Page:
DENVER — The Federal Reserve announced Wednesday it will raise the benchmark interest rate another 0.75% as it continues to fight near-historic inflation.
Previous rate hikes this year have already impacted Colorado’s housing market, with the 30-year fixed rate mortgage surpassing 6% for the first time since 2008. Home sellers and real estate agents have told Denver7 the impact to buying power has caused the state’s white hot market of recent years to cool.
Denver7 spoke with Joann Paige, a seller in Aurora who has seen the market shift firsthand. She and her husband first listed their home in 2020, and were inundated with interest and offers.
“We had multiple offers,” Paige said. “We had multiple showings. Literally, my phone was beeping every like five minutes, because it was just showing after showing.”
Despite the intense interest in their home, the Paiges decided to pull it off the market in 2020 and remain for a couple more years. Now, they are looking at a move out of state and have re-entered the market. They re-listed their home in mid-August to find a much different market dynamic.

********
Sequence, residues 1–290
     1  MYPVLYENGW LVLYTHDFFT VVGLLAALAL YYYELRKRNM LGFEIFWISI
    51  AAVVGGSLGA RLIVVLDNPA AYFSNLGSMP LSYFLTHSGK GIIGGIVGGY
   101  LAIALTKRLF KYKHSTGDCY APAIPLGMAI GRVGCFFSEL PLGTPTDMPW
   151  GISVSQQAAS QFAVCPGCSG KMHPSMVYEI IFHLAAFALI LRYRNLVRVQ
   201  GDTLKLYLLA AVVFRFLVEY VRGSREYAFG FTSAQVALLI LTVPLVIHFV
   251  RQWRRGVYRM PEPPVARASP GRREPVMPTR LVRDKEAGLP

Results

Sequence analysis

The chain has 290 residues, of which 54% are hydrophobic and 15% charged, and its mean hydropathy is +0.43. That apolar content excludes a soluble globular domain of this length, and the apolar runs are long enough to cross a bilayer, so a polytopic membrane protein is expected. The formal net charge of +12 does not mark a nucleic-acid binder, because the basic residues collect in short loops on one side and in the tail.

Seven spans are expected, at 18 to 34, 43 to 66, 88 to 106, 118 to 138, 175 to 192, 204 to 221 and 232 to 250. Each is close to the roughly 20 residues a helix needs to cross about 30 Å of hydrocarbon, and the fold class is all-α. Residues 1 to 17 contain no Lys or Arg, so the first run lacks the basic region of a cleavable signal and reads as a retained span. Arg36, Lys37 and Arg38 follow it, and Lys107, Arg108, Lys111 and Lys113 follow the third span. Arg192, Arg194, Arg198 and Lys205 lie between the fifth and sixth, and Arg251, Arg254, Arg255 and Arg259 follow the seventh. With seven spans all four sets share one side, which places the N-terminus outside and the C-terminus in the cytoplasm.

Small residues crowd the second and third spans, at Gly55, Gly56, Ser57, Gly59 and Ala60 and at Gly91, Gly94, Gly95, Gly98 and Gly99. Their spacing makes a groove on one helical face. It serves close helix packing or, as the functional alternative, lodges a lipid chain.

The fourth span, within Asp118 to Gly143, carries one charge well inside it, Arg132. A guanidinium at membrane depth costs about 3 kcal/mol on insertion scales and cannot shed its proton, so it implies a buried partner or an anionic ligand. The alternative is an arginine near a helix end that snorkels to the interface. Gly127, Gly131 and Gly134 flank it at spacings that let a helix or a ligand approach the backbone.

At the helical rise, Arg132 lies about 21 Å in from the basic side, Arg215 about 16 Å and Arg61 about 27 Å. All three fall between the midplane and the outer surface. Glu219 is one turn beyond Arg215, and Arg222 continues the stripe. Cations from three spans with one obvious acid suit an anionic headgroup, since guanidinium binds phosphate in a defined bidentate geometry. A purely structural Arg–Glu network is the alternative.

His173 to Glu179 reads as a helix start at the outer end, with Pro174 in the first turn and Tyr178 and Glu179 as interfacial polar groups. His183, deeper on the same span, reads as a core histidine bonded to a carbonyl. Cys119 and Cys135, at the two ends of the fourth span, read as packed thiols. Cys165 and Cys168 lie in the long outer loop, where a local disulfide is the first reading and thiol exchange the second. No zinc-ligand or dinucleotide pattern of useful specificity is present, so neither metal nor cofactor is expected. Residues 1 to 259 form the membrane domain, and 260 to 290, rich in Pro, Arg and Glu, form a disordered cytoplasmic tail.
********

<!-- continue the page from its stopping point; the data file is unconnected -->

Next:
“You can definitely tell it has definitely subsided,” Paige said. “I think that everyone was just kind of spoiled [before]. You know, house going to market in a day and being sold the very next day.”
The Paiges came to a decision with their realtor that more sellers are now facing — dropping their listing price by about $30,000 to adjust to lower buying power from buyers facing higher mortgage rates. Real estate agent Joy Dysart told Denver7 she’s having conversations with both her buyer and seller clients to align their expectations with market shifts.
“We’re just not getting enough showings,” Dysart said of recent months. “There is some feeling of, "What is going to happen next?" But I think overall, we’re in a great location. We live in Denver. We still have low inventory. I mean, that is the key to this. There are still buyers out there. There are still people that haven’t made decisions on a new home. So, I think it will still go — maybe not as fast, and I think that might be good.”
The brokerage firm Redfin found that Denver tied with Sacramento for fifth in the nation for fastest cooling housing markets in August. Even still, it lists Denver as one of the most competitive and expensive markets in the nation, which is why Joann Paige still feels confident she will find the right buyer before she moves away.
“I don’t feel like we’re in a bad place,” Paige said. “I just feel like we’re kind of just leveling things out. And I still feel good about it.”